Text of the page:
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When we meet someone for the first time, we usually ask him or her three questions: What is your name? Where do you live? What do you do?

The last question inquires about vocation. We are asking what the person “does for a living.” In a word, we are asking about his or her work.

For most of our adult lives, we are engaged in some type of labor. What we do often defines for ourselves and/or for others who we are. Our personhood is tied up with our work. And this is not an improper thing. For instance, in the study of Christology, we distinguish between the person of Christ and the work of Christ. Yet the more we understand the person of Christ, the deeper we can understand the significance of His work. Likewise, the more we probe the meaning of the work, the greater understanding we gain of His person. So person and work go together. To some degree, we are what we do.

It was Karl Marx who challenged man’s intellectual capacity as the defining characteristic of human existence. He argued that instead of describing humanity as homo sapiens, we should use the term homo faber—”man the maker.” It is the making of tools and goods that defines world history, he said. Marx further theorized that the dialectical pattern of the development of history is determined by the conflict of economic forces. At root, these forces are inseparably related to our labor.

Marx saw the industrial revolution and the triumph of capitalism as bringing on a crisis that touched the very core of human existence. The crisis was one of alienation—chiefly alienation of a person from his labor. In agrarian societies, people were more or less self-sufficient. They produced the goods they consumed. They owned their tools, the means of production, and, most important, the fruit of their own labor. But with the advent of the factory and the forces of mass production, the dilemma became, “How are we going to keep them down on the farm (after they’ve been to Paris)?” The constancy of regular weekly income that was not dependent on the vicissitudes of the weather or other vagaries of nature enticed many to seek the “security” of being wage earners.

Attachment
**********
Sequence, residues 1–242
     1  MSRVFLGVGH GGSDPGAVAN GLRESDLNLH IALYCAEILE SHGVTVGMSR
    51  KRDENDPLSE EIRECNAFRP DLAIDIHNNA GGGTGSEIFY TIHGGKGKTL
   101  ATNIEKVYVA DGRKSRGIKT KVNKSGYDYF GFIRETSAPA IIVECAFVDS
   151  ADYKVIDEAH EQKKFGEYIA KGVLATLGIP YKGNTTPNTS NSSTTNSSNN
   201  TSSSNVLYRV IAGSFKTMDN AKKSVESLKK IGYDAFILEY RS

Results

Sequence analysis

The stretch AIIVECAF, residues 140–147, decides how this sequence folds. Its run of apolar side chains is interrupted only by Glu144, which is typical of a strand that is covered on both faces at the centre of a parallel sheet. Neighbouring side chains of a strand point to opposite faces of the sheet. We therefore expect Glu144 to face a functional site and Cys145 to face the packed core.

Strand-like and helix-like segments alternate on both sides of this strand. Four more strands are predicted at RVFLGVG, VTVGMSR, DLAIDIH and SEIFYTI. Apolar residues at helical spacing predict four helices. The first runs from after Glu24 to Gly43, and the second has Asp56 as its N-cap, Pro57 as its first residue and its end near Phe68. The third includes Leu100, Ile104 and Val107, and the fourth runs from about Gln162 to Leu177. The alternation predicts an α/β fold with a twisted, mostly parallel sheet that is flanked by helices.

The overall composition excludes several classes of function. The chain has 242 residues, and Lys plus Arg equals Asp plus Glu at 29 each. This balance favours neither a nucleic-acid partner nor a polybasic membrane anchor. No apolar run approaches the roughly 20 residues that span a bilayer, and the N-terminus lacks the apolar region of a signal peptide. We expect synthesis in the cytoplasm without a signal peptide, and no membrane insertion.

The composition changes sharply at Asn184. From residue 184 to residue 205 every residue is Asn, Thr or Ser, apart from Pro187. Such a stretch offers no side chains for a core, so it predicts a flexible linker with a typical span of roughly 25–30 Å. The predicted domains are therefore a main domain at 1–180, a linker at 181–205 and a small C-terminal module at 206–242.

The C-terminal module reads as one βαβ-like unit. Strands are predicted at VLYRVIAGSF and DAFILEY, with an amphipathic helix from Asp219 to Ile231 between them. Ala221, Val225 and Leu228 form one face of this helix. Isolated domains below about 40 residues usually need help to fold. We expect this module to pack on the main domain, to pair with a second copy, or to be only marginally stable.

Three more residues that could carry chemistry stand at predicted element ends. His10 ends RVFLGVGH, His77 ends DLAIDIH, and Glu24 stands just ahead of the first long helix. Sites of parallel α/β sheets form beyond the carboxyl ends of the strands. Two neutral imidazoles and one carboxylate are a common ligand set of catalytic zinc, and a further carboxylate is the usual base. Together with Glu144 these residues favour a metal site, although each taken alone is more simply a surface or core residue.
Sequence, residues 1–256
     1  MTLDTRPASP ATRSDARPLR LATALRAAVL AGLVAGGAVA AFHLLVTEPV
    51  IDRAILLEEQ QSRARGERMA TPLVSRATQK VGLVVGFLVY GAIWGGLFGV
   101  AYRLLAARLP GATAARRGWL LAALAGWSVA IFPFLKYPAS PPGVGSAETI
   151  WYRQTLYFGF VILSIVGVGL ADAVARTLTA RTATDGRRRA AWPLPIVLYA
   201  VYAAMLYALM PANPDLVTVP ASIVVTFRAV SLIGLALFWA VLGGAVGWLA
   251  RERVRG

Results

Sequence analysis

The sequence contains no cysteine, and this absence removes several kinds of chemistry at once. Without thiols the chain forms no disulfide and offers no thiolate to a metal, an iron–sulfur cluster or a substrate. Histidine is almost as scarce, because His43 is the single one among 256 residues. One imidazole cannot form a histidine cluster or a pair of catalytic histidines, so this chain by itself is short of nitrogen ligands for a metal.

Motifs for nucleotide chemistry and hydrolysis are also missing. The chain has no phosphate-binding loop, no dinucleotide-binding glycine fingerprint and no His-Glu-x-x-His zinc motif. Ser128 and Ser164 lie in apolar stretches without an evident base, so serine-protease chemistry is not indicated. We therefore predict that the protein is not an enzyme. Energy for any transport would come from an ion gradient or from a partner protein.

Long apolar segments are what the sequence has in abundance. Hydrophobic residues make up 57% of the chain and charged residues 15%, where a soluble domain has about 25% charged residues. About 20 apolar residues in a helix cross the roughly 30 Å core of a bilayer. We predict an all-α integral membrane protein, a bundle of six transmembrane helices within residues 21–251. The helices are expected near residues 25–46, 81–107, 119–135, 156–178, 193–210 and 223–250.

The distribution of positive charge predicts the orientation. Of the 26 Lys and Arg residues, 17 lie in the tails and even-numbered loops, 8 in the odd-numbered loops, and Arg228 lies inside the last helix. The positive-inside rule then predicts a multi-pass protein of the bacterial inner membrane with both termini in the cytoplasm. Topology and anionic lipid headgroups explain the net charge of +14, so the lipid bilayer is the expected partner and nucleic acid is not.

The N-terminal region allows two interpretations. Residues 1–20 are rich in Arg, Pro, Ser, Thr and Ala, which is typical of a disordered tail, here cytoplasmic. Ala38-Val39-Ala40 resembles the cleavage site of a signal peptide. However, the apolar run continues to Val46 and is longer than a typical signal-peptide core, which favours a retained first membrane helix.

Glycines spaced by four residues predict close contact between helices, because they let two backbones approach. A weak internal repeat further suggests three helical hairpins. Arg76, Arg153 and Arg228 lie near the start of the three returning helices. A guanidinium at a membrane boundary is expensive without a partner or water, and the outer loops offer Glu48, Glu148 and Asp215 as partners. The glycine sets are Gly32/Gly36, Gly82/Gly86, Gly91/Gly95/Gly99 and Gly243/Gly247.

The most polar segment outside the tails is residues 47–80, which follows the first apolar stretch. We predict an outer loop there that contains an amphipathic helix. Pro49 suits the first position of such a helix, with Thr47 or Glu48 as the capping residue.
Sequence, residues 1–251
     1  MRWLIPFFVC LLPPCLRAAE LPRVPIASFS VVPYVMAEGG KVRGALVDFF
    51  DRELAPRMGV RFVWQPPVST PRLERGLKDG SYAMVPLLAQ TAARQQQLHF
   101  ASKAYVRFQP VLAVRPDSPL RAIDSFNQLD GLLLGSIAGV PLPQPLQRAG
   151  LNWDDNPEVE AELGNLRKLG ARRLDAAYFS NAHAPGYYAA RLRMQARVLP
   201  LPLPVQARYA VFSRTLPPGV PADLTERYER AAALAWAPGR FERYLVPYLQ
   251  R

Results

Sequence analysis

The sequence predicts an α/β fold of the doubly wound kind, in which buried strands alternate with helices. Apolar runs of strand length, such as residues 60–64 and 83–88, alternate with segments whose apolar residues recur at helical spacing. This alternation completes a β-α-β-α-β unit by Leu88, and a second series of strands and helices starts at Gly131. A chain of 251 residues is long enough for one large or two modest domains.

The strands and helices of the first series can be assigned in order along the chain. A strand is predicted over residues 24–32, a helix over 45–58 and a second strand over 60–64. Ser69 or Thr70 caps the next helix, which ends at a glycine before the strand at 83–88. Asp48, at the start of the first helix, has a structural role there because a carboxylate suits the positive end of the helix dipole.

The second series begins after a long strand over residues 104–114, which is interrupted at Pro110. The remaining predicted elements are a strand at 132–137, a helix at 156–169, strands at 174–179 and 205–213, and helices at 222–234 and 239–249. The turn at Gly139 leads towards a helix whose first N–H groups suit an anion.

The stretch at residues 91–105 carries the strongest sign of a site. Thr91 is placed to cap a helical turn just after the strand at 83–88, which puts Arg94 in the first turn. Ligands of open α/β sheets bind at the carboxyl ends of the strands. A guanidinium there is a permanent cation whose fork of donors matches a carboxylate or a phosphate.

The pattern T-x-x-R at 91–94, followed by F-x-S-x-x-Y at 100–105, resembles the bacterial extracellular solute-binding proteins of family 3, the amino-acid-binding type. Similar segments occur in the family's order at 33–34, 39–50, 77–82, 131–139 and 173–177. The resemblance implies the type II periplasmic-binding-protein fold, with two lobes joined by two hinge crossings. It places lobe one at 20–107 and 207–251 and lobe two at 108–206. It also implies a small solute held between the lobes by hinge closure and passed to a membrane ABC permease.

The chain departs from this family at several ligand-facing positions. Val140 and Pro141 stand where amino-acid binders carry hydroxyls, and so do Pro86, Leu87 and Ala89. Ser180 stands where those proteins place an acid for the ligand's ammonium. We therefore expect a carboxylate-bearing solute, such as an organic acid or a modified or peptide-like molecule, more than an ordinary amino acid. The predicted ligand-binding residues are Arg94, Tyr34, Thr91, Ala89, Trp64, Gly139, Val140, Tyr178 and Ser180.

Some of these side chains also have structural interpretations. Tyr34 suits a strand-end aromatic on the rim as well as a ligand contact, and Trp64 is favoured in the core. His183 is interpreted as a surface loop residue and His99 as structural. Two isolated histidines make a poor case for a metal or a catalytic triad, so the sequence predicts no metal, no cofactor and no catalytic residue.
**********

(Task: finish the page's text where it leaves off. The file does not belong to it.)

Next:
Marx saw this shift as a seduction of free people into slavery. The wage-earner, though he can go home at night, is a virtual slave to the factory owner. He no longer owns the fruit of his labor; instead, he works for someone else who owns the fruit. Marx further understood that whoever owns the tools (the means of production) controls the game.

I learned this lesson as a child while playing baseball in the sandlot. Without the benefit of umpires, we had to monitor our own games. Sometimes disputes were negotiated—”You’re out!” “I’m safe!” “You’re out!” “I’m safe!”—until one player would say: “It’s my ball and my bat. I’m safe!” There could be no more game without the necessary tools of bat and ball, so the argument was settled via political expediency.

Marx’s complaint was that when a person was alienated from his labor he became alienated from others, from nature, and from himself. Thus, he called for the overthrow of capitalist society, the end of private ownership (which leads to the enslavement of the proletariat), and the creation of a classless society wherein everybody owns everything.